Amazon is opening a supermarket with no cashiers. Is Whole Foods next?

Two years ago, Amazon introduced the idea of high-tech, cashierless shopping with a store that was a cross between a 7-Eleven and a Pret A Manger sandwich shop. Now, Amazon is bringing the same concept to a full-size supermarket.

On Tuesday, Amazon will open the doors to a 10,000-square-foot Amazon Go Grocery store in Seattle’s Capitol Hill neighborhood, less than a mile from the tech giant’s downtown Seattle headquarters. It’ll be stocked with 5,000 different products — from organic fruit to grass-fed beef — and outfitted with cameras, sensors, and computer vision that eliminate the need for shoppers to fork over cash or plastic before walking out the door with their groceries.

The new store, which is the first of its kind in the US, highlights Amazon’s unsated appetite for gobbling up market share in the $900 billion US grocery industry, even after spending nearly $14 billion in 2017 to acquire Whole Foods and making same-day grocery delivery a free perk for Prime members last year. At the same time, the expansion of the cashierless store concept raises the question of when — not if — the technology will be ready for installation in Whole Foods stores, and what might happen to the chain’s thousands of cashiers when it is.

“There’s no plans to put this in a Whole Foods, for now,” Amazon Go’s vice president Dilip Kumar told Recode on a tour of the new store on Monday. “For now, what we are focused on is this concept and see what customers think of it — [and] go from there.”

“You would understand why that’s an obvious question,” I told him.

Kumar laughed. “You would understand why I can’t comment on that,” he responded.

Twenty-five years ago, Amazon was simply an online purveyor of books making a radical bet on what the future of consumerism might look like. Just over two decades later, Jeff Bezos’s company has grown into the largest online retailer in the US (it’s now eight times the size of the No. 2 competitor); it’s a mainstream provider of entertainment through its Prime Video offering; and it’s the largest cloud computing company in the world.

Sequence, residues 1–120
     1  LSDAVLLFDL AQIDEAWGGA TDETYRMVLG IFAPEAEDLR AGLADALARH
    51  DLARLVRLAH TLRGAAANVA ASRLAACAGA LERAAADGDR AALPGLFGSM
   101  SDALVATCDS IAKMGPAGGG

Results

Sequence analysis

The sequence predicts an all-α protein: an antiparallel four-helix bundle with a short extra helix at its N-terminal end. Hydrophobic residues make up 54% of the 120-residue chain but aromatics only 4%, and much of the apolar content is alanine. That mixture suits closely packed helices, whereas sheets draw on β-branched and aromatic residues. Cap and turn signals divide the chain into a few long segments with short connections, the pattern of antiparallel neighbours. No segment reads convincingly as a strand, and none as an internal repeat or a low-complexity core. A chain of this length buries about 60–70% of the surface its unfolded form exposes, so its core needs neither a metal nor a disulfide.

But in Amazon speak, “it’s always Day 1,” which means the company is just scratching the surface of what it might accomplish. In the case of the grocery industry, though, Amazon’s grocery delivery service languished in business purgatory for a decade, unable to crack the code on the right economic model that would both be affordable to a mass customer base but lucrative enough to sustain the business. Still, the food and beverage category is too large for a company with Amazon’s ambitions to ignore, so first came the Whole Foods purchase and then the launch of Amazon Go stores.

Since the opening of the first Amazon Go store on the ground floor of the company’s downtown Seattle headquarters in January 2018, Amazon has added more than 20 new locations, with eight in New York City, six in Chicago, and four each in San Francisco and Seattle. Those stores sell breakfast items, sandwiches, salads, and snacks, and they are aimed at enticing busy working professionals in corporate districts on their way to and from work, and on lunch breaks. Many feature both local and national food and beverage brands, including some of Amazon’s own labels, like Happy Belly and Whole Foods’ 365 Everyday Value brands. (The new Amazon Go Grocery store also sells a cross section of local, mainstream, and private-label brands.)